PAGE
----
It could seem odd that of all the chefs my dad might have loved, he chose Fabio, the stereotypically handsome, hair gelled Italian with a disarming accent and expressive gestures, a man who shares his name with the male model on the cover of all those romance novels. But actually, it makes perfect sense. Fabio appealed to my father because Fabio is Italian. Not simply Italian, but quintessentially Italian. He embodies that all-inclusive, overwhelming hospitality, the almost clownish humor. And though my dad is not Italian, he is a red-sauceRead More »from Why You Should Introduce Your Father to Fabio Viviani
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- Esquire.com | Shine Food – Fri, Jun 14, 2013 2:53 PM EDTCiao Chow! Dad refers to him simply as Fabio, and makes off-handed comments phrased as though they had just spoken on the phone. "Well, Fabio says you should coat the steak in light olive oil." Or "Fabio is so funny. He doesn't take himself too seriously." From the way my dad talks, you'd think Fabio was a beloved nephew who calls more often than I do.My dad loves Fabio Viviani, the former Top Chef contender who now hosts the Yahoo! web series,
Europe's horsemeat scandal has brought food fraud to the forefront, so much so that we are still reading about horse-peddling restaurateurs back-pedaling on their convictions and what the EU health commissioner's office recommends. But, really, faked food is almost as old as civilization. Today's biggest scams are orchestrated by organized crime groups, and aided by black market chemists with deep knowledge of how to thwart food safety tests. Nobody is quite sure how big the problem is, but some ingredients regularly top lists of common fraud targets. "It's really hard to have a top ten, because we only know what we've caught, we don't know what we haven't caught," says John Spink, an associate director of Michigan State's Anti-Counterfeit and Product Protection Program. Here are five we definitely know about, though.Getty Images
In February, the Justice Department charged two people and five companies what appears to be biggest food fraud case in U.S. history: a complex, $180 millionRead More »from 5 Food Frauds to Watch For
Doughnuts: For your health... and mine.Read More »from 4 Breakfast Sandwiches Worse Than Doughnuts
It's sort of incredible to me what symbols of wanton excess doughnuts have become; what totems of over-indulgence and fat-kid behavior. They were once fed to soldiers as a health food during World War II, after all. I'm not quite sure when things went off the rails in terms of public perception, although I think Homer Simpson had something to do with it. Anyway, when Dunkin' Donuts said it was taking a "glazed donut breakfast sandwich" nationwide earlier this week, the country let out a collective gasp of head-wagging disapproval, as if Dunkin had crossed some kind of invisible threshold of common breakfast sandwich decency.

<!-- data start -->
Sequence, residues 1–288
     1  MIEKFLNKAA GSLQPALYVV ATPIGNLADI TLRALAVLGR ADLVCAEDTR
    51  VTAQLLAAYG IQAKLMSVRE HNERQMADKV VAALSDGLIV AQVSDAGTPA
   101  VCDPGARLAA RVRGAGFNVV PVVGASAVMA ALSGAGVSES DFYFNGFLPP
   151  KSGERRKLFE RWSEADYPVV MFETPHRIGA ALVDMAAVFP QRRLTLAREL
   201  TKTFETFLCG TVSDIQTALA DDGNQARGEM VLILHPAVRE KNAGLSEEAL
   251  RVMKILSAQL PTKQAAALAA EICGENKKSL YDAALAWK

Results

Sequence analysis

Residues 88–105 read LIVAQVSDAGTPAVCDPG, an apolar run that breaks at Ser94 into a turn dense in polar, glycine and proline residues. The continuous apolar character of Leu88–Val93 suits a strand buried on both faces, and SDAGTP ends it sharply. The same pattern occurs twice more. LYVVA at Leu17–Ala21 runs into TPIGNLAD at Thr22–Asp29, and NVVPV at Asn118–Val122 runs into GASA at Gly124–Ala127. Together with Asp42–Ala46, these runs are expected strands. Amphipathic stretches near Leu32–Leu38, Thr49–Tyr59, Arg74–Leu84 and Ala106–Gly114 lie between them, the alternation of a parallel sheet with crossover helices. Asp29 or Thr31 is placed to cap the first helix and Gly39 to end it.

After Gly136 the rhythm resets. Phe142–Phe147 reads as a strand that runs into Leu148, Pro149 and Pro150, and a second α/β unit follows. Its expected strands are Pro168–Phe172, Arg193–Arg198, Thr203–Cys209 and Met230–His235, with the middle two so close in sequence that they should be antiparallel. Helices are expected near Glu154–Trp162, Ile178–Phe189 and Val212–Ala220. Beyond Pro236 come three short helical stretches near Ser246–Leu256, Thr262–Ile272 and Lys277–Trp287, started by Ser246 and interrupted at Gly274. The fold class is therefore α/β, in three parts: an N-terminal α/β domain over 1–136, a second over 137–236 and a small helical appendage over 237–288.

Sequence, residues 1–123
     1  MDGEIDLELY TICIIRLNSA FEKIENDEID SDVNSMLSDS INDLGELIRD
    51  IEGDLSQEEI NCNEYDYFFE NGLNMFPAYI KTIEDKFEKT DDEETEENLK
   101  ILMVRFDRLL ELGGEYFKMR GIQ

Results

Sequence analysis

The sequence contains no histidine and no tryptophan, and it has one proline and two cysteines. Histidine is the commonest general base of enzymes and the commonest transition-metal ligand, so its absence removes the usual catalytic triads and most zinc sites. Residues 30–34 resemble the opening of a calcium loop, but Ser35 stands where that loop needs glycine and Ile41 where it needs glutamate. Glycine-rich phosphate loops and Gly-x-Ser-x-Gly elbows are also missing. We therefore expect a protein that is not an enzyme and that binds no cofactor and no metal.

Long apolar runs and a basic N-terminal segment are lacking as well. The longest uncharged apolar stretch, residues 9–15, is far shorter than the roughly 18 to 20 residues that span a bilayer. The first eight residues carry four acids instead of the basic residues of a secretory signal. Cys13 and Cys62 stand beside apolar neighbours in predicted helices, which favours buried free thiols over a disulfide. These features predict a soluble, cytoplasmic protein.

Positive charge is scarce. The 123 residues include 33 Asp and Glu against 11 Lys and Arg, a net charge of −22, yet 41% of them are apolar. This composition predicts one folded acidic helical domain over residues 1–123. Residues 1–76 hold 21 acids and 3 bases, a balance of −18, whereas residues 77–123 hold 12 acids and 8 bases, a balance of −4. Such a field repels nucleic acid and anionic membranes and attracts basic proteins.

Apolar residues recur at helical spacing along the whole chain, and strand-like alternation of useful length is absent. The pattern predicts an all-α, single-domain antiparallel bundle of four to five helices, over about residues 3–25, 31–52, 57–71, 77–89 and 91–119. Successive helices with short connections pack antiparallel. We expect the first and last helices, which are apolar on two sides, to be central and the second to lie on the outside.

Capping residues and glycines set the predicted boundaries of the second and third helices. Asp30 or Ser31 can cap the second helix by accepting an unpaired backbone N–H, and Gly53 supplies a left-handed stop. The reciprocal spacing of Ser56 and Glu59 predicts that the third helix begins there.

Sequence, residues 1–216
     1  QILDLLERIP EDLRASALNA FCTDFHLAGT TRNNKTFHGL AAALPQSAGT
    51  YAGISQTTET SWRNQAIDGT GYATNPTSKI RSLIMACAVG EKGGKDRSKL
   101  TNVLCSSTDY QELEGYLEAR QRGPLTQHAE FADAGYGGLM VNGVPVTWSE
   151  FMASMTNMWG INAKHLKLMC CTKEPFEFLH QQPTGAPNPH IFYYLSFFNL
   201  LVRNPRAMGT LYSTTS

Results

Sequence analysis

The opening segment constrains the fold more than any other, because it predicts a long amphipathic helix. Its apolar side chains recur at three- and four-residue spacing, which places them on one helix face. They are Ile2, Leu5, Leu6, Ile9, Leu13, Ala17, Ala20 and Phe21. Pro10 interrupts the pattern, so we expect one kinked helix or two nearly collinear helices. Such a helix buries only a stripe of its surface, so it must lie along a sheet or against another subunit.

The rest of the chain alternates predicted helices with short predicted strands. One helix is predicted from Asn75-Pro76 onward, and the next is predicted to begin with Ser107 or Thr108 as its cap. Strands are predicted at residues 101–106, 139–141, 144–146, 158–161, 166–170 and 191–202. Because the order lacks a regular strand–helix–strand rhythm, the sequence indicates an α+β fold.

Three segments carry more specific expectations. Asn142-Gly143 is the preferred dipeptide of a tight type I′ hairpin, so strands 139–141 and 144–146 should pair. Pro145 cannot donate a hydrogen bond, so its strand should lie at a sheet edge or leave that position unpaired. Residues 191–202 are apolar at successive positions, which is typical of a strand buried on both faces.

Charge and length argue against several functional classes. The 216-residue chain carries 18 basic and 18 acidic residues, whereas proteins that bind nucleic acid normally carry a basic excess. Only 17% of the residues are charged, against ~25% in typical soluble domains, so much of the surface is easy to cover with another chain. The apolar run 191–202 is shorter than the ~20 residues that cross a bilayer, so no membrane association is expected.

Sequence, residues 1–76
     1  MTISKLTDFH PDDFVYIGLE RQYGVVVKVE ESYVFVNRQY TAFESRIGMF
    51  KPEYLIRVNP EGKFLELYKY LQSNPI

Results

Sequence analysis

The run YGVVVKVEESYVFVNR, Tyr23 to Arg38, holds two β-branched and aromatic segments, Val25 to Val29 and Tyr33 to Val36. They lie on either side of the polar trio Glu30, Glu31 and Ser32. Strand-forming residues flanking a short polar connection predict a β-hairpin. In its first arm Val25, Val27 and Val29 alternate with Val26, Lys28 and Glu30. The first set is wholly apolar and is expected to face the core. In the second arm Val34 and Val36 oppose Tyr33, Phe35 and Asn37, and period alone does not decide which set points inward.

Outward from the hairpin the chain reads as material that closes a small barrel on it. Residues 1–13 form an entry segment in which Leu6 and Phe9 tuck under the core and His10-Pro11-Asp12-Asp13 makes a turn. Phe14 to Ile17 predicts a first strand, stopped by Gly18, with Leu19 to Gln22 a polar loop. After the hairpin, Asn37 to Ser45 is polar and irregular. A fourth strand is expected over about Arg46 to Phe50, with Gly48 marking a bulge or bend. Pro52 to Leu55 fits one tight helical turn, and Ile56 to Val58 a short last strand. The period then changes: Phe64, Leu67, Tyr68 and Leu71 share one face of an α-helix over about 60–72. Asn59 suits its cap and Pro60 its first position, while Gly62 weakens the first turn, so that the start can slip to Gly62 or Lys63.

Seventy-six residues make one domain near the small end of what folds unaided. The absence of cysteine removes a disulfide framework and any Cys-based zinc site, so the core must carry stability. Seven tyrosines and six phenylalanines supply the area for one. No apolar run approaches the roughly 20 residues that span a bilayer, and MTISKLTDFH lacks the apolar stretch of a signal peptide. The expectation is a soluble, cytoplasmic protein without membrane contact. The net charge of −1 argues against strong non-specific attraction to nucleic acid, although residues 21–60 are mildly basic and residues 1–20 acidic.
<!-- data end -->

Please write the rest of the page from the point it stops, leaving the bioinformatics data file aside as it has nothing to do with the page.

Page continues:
Plus: The Best Late Night Food in America
The thing is, the school-marmish reaction doesn't map particularly well onto the actual health credentials of doughnuts, which are hardly as ruinous to one's health or to the moral fabric of American society as everyone seems to believe (I'm particularly attuned to this topic because I've co-authored a doughnut
Swedish men wearing skirts
A small cadre of train drivers in Sweden is protesting the job's strict policy against shorts in the summertime by wearing skirts. The BBC is reporting that the workers were informed of a new dress code banning shorts when employer Arriva took over the Roslagsbanan line back in January, but sweltering heat has inspired about a dozen enterprising male drivers to employ the creative workaround. A company spokesman says that the men wearing skirts is permitted, as to ban them would be considered discrimination. Progressive.
PLUS: How to Look Better at the Office, Now
While the wearing of skirts by men isn't exactly Esquire-approved, comfort and industriousness are, so we applaud these Swedes for sticking it to the man in such a fashion. Plus, there's been an uptick in skirt-wearing men of late, with Kanye West leading the charge. Givenchy designer Riccardo Tisci often shows skirts at his seasonal shows (with some even selling out online). And that's not to mention Marc Jacbos'sRead More »from Why Male Swedish Train Drivers Are Wearing Skirts
By Mike Ayers
Recently, I've grown fond of waking up on Saturday mornings and making pancakes for my wife and our son. The problem is they're less than appetizing. Yes, I've been relying on box mixes - some would say for too long - and while my family would never send back their breakfast, deep down I knew that they were flawed. Thin, unflavorful things that rarely look like circles and lacked a certain fluff I knew should be there. I wanted to be better. Our wives, girlfriends and friends dropping in for a weekend expect and deserve better.
Lo and behold, there's a new cookbook simply titled Pancakes from A Cozy Kitchen's Adrianna Adarme. My prayers had been answered. "Pancakes are really nostalgic," Adarme says about the pancake's wooing properties. "That's why they tend to be comforting. They're one of the first things you eat as a kid for breakfast with your family." If you're thinking you too might have a pancake problem, Adarme broke down five ways thatRead More »from 5 Easy Steps to Better Homemade Pancakes